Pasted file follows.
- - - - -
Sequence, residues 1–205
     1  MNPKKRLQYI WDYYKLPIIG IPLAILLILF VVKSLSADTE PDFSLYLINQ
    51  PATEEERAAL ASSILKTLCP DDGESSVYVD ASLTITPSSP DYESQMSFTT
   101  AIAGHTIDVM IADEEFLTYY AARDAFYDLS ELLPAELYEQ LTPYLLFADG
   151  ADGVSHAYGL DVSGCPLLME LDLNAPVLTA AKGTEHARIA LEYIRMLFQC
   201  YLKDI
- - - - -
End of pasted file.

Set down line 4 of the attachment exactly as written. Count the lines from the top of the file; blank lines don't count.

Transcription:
   101  AIAGHTIDVM IADEEFLTYY AARDAFYDLS ELLPAELYEQ LTPYLLFADG